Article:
Nine school students navigate the pressures they face as girls: pressures from society and pressures from each other. Bringing to life the minefield that is a girl’s teenage years, this piece of new writing makes for a fresh and well-executed youth production.
An honest and original offering from a talented, youthful cast.
It is tricky for any contemporary drama to break completely new ground in the discussion of gender politics, and Happy Girl doesn’t bring anything revolutionary to the table. It does, however, take an original and insightful perspective, exploring how young women interact with each other before they have even entered the workplace. It’s the perfect setting to think about how girls who throw the word ‘bitch’ around are assimilating and resisting society’s pressures.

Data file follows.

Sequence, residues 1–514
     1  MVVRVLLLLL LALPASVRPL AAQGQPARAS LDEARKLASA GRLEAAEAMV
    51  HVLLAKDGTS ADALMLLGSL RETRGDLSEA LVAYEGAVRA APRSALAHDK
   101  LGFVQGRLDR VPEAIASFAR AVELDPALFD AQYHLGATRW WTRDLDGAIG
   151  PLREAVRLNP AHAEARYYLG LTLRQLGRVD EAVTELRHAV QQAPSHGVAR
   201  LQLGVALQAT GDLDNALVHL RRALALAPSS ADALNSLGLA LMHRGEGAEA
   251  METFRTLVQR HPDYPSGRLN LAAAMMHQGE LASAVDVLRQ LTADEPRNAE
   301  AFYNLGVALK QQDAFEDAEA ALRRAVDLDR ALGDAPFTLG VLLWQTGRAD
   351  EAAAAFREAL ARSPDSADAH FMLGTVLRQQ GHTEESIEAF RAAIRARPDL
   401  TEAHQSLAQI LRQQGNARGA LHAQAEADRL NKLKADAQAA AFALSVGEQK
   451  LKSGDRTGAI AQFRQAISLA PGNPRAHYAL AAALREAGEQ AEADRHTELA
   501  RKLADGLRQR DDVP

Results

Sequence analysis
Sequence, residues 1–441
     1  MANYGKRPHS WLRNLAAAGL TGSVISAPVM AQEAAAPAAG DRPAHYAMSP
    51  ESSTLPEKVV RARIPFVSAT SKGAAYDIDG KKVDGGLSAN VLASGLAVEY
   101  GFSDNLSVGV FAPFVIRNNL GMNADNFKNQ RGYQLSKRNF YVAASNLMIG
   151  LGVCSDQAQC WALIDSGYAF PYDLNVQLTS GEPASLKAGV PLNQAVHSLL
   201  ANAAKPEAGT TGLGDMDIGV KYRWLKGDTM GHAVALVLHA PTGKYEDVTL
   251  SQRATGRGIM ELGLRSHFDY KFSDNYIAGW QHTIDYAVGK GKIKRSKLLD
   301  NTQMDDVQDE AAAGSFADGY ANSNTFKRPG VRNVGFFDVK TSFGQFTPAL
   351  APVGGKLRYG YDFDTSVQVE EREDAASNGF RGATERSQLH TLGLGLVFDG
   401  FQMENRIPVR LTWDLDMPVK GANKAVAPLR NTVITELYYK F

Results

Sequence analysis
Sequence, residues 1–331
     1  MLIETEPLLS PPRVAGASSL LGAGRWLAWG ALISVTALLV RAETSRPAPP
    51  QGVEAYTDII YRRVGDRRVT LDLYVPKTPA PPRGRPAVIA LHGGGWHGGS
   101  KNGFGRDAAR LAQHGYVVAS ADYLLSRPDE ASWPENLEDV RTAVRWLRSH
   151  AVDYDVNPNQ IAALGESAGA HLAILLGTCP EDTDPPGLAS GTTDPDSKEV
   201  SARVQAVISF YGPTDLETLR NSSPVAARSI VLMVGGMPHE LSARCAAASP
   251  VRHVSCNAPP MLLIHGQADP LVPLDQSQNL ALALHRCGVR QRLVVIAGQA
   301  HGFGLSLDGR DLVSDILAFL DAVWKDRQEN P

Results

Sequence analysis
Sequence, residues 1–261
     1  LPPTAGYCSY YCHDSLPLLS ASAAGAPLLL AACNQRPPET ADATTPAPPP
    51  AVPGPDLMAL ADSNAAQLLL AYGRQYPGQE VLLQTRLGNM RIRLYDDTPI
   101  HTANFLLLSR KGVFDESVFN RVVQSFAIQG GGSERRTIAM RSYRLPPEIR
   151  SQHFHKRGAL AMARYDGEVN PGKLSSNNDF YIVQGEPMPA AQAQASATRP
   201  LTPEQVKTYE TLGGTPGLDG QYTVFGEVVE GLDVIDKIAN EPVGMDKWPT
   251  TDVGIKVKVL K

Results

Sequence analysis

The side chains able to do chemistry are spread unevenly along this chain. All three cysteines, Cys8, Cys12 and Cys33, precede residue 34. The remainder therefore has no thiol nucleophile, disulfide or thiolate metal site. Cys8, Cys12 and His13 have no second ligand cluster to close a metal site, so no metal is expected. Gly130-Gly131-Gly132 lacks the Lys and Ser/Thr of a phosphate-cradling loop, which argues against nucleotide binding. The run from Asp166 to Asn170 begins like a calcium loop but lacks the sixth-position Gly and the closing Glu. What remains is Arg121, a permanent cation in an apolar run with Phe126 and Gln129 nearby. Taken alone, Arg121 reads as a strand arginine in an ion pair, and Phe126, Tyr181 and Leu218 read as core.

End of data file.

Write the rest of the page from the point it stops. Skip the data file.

This fresh perspective is kept light by a very funny script and a snappy production. The scenes are short and incisive, and the action jumps around a lot, keeping things fast-paced and dynamic. The cast are strong, and each bring out something unique in their character. Of course, with a cast of nine and a Fringe-length show, it’s impossible to fully develop the characters’ relationships. But the actors do have a keen eye for the constantly shifting dynamics between girls at school.
The girls are that perfect mixture of sass and insecurity. As they try things for the first time - waxing legs, kissing girls, taking their first sips of Bacardi (Bass-are-dee, anyone?) - they let a little bit of that vulnerability show in a lighthearted but genuine way.
Not revolutionary, but not tired either, Happy Girl is an honest and original offering from a talented, youthful cast.